Colored Reading: an Appeal for Using Synesthetic Association Training to Improve Reading Fluency in Children with Dyslexia
Dyslexia is defined as a variable and often familial learning disability involving difficulties in acquiring and processing language that is typically manifested by a lack of proficiency in reading, spelling, and writing. Dyslexia is characterized by the inability to integrate information across multiple areas of the brain. The consequent failure to develop representations of the knowledge on a topic based on its associated attributes results in difficulty in reading. In contrast, synesthesia may be seen as a hyper-associative condition, possibly due to a failure to properly segregate areas into distinct networks. Synesthesia could therefore be regarded as a disorder opposite of dyslexia on a spectrum of a developmental disorder of association. It has been shown that, in some individuals and to a certain extent, synesthesia can be trained. This training could be beneficial for dyslectics. In this study I provide an overview on the neurodevelopmental aspects of dyslexia, synesthesia and the overlap between these conditions. I review the evidence on synesthetic training in non-dyslexics and hypothesize on the potential benefits of this training in dyslexics. Furthermore, the methods of a study to explore these benefits are proposed.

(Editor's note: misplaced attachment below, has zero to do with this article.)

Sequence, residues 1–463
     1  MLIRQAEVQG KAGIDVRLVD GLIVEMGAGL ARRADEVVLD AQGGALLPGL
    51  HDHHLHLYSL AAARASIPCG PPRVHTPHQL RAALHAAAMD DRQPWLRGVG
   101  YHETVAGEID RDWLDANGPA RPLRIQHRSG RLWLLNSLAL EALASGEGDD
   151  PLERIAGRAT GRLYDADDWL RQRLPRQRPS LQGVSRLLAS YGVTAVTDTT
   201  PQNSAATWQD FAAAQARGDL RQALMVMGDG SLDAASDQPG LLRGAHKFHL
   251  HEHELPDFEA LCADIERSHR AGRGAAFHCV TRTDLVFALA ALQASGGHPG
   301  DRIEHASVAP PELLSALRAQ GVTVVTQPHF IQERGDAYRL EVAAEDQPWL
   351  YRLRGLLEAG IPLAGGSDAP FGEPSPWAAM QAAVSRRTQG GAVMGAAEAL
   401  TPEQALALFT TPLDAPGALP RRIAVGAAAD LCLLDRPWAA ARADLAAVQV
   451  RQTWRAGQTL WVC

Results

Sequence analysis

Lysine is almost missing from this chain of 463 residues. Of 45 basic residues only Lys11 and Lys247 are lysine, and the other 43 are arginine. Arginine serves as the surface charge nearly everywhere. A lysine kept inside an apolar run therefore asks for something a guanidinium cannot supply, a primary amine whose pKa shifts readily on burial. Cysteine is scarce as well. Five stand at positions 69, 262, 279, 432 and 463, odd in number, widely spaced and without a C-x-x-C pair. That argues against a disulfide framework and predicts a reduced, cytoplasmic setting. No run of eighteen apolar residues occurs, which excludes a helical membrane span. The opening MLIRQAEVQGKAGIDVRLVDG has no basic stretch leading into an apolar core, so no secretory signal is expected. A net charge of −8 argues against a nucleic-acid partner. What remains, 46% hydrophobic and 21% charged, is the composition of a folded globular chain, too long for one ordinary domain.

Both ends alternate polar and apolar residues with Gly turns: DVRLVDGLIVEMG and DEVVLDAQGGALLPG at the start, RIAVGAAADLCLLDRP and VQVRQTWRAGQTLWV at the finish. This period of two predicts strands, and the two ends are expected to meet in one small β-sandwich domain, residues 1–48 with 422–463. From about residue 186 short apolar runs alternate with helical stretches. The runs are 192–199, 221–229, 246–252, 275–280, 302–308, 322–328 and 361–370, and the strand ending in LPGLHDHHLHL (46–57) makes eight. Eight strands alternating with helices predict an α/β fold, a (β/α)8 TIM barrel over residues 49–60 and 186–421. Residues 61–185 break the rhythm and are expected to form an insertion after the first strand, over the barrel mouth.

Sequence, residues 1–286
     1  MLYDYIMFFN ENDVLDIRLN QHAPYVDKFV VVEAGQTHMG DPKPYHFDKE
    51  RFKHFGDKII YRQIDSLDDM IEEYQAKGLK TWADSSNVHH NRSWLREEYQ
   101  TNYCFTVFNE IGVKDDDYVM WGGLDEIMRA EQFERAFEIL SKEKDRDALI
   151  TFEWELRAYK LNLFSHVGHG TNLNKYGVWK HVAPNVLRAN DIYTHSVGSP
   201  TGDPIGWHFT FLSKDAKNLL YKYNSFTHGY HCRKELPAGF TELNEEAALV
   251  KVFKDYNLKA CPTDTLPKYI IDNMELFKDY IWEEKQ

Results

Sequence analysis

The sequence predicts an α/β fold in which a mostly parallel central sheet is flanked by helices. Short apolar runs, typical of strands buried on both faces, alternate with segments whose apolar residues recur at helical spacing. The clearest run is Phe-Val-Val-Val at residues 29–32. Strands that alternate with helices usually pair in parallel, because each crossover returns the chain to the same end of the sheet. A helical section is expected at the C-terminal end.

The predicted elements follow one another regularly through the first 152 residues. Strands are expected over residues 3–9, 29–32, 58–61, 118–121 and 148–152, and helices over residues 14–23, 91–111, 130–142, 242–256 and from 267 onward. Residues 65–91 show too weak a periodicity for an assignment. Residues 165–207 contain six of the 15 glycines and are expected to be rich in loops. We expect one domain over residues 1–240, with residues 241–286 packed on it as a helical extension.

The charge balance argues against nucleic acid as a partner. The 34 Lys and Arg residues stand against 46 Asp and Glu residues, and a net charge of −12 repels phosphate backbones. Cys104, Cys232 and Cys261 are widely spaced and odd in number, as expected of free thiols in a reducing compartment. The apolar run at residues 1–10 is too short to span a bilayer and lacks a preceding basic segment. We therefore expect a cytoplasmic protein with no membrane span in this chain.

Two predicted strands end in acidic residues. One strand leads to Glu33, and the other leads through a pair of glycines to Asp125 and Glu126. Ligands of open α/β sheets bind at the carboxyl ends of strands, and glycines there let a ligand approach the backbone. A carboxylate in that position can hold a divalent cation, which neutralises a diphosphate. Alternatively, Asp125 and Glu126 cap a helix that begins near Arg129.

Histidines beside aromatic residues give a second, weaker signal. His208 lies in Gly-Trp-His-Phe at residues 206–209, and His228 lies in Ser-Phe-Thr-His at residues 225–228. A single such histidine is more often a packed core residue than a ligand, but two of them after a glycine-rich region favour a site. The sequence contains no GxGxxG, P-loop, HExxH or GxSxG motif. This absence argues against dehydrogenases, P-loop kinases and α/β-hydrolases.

Rick Henneveld, "Colored Reading: an Appeal for Using Synesthetic Association Training to Improve Reading Fluency in Children with Dyslexia", Master's Thesis for the Media Technology programme, Leiden University (The Netherlands), 2017